The method to Trump’s walkbacks

19 Jul



by David Leonhard –

It’s become a pattern: President Trump says something outrageous. He later grudgingly retracts his statement, or members of his administration retract it on his behalf. And then he quickly undermines the retraction.
It happened with the attacks by white supremacists in Charlottesville and with other race-baiting issues. This week alone, the pattern has been visible multiple times, on Russia and NATO.
So what explains it? What could Trump possibly be accomplishing with this blatant dissembling?
Something important and devious, actually. He is sending two different messages, each intended for a different audience.
With the initial statement, he’s talking to his primary audience. Often, that audience is his political base, and Trump is signaling that he’s with them: He, too, is a white nationalist, or at the very least he’s sympathetic to them. He believes that dark-skinned people live in miserable countries, that Mexicans are rapists, that Muslims should be banned from America and that some white supremacists are “very fine people.”
Over the past week, for whatever reason, Trump’s primary audience has seemed to be Vladimir Putin. Trump repeatedly sent messages that Putin must have liked — that NATO is a mess, that Russia didn’t interfere in the election and that the Trump administration would consider handing over an American citizen to Putin’s government for questioning.
And then, in short order, come Trump’s walkbacks. They’ve been especially lame this week. Trump claimed that he meant “wouldn’t” in Helsinki when he said “would,” and his press secretary claimed yesterday that he didn’t mean “No” when he answered a question with “No.”
But I think it’s crucial to understand the value that these walkbalks have to Trump. Almost no matter how silly they are, much of the media coverage tends to treat the walkbacks as serious. Look at many of the headlines on Tuesday. They took Trump’s Helsinki retraction at face value, even though Trump undermined it during the very same news conference at which he offered it.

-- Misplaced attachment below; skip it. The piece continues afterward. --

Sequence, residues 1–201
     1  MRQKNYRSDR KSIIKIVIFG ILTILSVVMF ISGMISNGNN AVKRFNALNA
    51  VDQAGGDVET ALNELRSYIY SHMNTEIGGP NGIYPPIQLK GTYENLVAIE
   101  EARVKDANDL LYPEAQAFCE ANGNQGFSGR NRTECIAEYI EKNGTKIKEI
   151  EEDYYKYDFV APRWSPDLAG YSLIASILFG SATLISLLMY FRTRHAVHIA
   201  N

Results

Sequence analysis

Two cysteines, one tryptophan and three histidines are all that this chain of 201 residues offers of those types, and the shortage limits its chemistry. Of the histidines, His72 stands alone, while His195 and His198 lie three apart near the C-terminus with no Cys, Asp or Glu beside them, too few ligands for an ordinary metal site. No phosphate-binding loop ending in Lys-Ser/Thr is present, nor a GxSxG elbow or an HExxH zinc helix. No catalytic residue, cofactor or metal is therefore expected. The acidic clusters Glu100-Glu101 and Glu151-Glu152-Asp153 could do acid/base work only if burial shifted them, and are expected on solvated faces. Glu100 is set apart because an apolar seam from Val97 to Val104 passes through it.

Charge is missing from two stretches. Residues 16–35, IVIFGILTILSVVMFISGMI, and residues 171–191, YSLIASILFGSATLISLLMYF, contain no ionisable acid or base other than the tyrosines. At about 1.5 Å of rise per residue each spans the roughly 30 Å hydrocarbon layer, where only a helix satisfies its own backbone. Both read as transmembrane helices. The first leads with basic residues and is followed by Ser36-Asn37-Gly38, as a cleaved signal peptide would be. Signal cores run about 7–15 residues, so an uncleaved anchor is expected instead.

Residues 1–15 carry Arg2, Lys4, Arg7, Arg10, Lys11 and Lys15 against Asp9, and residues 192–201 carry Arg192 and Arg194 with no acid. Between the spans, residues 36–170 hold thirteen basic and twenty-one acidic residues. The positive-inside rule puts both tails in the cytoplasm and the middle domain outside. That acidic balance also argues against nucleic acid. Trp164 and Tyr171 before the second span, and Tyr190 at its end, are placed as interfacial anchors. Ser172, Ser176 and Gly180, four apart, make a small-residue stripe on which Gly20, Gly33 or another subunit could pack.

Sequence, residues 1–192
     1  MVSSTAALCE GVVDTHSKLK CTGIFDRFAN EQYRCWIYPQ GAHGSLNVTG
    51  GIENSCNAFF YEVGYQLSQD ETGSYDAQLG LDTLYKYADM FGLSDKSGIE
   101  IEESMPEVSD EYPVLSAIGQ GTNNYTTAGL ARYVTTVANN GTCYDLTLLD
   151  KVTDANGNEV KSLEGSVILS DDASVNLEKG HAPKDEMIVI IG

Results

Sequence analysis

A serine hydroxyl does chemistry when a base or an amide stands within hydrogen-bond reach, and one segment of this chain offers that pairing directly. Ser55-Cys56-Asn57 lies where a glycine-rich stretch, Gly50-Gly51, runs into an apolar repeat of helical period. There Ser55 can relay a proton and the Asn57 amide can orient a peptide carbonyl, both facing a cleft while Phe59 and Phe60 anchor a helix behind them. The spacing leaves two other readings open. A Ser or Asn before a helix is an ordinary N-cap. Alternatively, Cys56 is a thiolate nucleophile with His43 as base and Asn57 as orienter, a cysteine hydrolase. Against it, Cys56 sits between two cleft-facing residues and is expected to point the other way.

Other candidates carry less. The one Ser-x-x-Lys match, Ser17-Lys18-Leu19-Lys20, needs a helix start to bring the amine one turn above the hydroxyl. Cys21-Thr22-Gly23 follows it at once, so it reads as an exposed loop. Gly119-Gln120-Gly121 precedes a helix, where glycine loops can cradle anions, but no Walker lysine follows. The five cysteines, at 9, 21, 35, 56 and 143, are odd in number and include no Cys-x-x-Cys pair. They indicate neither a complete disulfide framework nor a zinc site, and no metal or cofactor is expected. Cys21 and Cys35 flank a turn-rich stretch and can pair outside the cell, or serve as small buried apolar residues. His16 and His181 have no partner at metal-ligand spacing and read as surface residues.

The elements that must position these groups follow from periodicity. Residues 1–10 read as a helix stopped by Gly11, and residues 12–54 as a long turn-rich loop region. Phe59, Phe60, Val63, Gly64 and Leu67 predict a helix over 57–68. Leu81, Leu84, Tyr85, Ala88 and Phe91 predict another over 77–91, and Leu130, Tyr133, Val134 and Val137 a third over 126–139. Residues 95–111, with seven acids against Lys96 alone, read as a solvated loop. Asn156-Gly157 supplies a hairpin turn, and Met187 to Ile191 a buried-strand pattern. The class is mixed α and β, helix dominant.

The walkbacks — and the credulous repetition of them — allow Trump’s fellow Republicans to pretend that he never really meant the initial statements. Marco Rubio, Rob Portman and other congressional Republicans played along in precisely this way over the past few days. The Republicans then act as if they don’t really need to hold Trump accountable — for his betrayal of American interests, for his bizarre Putin affinity, for his racism or for any number of other issues — because Trump cleaned up his own mess.
The pattern reaches its final stage when Trump offers the final wink-wink. He again offers some kind words about white supremacists or some nasty comments about people with dark skin. Or he again suggests that maybe some random hacker was responsible for the 2016 cyberattacks.
At this point, Trump’s thinking is clear to anybody who’s honestly trying to understand it. And his fellow Republicans in Congress keep on enabling his behavior by looking the other way.
As the old saying goes: Fool me once …
Elsewhere. “The President’s job is to protect us, not to even *consider* handing any of us over to an enemy government,” Tom Nichols says on Twitter, of Putin’s request to question Michael McFaul, Barack Obama’s former ambassador to Russia, and Bill Browder, a British businessman. “If Putin can single out @mcfaul, he can single out anyone.”
Nada Bakos, who was a C.I.A. analyst under both George W. Bush and Obama, described as “unbelievable” the remarks by Sarah Huckabee Sanders, the White House press secretary, about the potential questioning. “What’s next,” she asks, “turning me over to al Qaida for questioning?”
Moscow has targeted McFaul before. Politico Magazine recently excerpted his book about his time as ambassador, in which he described how “Russian authorities conducted a ground campaign of harassment against my colleagues at the embassy, myself and, from time to time, even my family.” As he said on Twitter yesterday, “Putin has been harassing me for a long time. That he now wants to arrest me, however, takes it to a new level.”
Why is Putin doing this? Nancy LeTourneau argues in The Washington Monthly that “he’s launching the most blatant kind of bothersiderism via conspiracy theory. In other words, Mueller may have indicted people like Manafort, but we’ve got Browder and McFaul.
The full Opinion report from The Times follows, including Carmel McCoubrey on Trump’s grammatical pretzel.

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